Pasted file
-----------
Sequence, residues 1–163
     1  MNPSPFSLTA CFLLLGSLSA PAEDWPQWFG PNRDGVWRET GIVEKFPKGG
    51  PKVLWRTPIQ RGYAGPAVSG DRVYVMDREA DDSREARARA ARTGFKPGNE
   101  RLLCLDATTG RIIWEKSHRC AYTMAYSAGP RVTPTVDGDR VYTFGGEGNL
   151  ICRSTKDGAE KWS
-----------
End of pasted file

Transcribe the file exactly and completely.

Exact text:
Sequence, residues 1–163
     1  MNPSPFSLTA CFLLLGSLSA PAEDWPQWFG PNRDGVWRET GIVEKFPKGG
    51  PKVLWRTPIQ RGYAGPAVSG DRVYVMDREA DDSREARARA ARTGFKPGNE
   101  RLLCLDATTG RIIWEKSHRC AYTMAYSAGP RVTPTVDGDR VYTFGGEGNL
   151  ICRSTKDGAE KWS